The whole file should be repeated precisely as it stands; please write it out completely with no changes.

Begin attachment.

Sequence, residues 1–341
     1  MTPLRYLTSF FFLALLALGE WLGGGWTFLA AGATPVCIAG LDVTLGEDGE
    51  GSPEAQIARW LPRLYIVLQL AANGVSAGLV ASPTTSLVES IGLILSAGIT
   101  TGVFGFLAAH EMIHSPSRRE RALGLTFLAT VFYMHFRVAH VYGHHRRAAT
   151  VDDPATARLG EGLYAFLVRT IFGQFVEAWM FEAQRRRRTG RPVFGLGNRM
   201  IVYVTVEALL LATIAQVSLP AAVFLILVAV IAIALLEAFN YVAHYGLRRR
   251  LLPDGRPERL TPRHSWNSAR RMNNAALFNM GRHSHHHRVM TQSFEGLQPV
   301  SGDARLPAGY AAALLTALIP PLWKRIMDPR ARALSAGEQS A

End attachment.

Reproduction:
Sequence, residues 1–341
     1  MTPLRYLTSF FFLALLALGE WLGGGWTFLA AGATPVCIAG LDVTLGEDGE
    51  GSPEAQIARW LPRLYIVLQL AANGVSAGLV ASPTTSLVES IGLILSAGIT
   101  TGVFGFLAAH EMIHSPSRRE RALGLTFLAT VFYMHFRVAH VYGHHRRAAT
   151  VDDPATARLG EGLYAFLVRT IFGQFVEAWM FEAQRRRRTG RPVFGLGNRM
   201  IVYVTVEALL LATIAQVSLP AAVFLILVAV IAIALLEAFN YVAHYGLRRR
   251  LLPDGRPERL TPRHSWNSAR RMNNAALFNM GRHSHHHRVM TQSFEGLQPV
   301  SGDARLPAGY AAALLTALIP PLWKRIMDPR ARALSAGEQS A